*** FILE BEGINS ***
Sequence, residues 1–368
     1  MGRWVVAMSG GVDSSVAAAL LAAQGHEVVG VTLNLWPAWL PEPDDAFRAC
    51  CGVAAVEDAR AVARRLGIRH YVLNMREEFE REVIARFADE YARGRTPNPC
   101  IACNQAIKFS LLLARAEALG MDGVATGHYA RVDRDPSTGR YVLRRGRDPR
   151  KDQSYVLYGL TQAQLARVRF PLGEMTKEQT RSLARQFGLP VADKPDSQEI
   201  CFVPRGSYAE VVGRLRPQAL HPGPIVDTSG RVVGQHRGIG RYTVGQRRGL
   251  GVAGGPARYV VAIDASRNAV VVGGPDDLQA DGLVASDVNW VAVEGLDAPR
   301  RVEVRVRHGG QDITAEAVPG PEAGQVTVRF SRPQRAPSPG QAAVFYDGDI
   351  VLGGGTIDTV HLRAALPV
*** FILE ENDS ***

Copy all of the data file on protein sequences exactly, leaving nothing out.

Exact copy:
Sequence, residues 1–368
     1  MGRWVVAMSG GVDSSVAAAL LAAQGHEVVG VTLNLWPAWL PEPDDAFRAC
    51  CGVAAVEDAR AVARRLGIRH YVLNMREEFE REVIARFADE YARGRTPNPC
   101  IACNQAIKFS LLLARAEALG MDGVATGHYA RVDRDPSTGR YVLRRGRDPR
   151  KDQSYVLYGL TQAQLARVRF PLGEMTKEQT RSLARQFGLP VADKPDSQEI
   201  CFVPRGSYAE VVGRLRPQAL HPGPIVDTSG RVVGQHRGIG RYTVGQRRGL
   251  GVAGGPARYV VAIDASRNAV VVGGPDDLQA DGLVASDVNW VAVEGLDAPR
   301  RVEVRVRHGG QDITAEAVPG PEAGQVTVRF SRPQRAPSPG QAAVFYDGDI
   351  VLGGGTIDTV HLRAALPV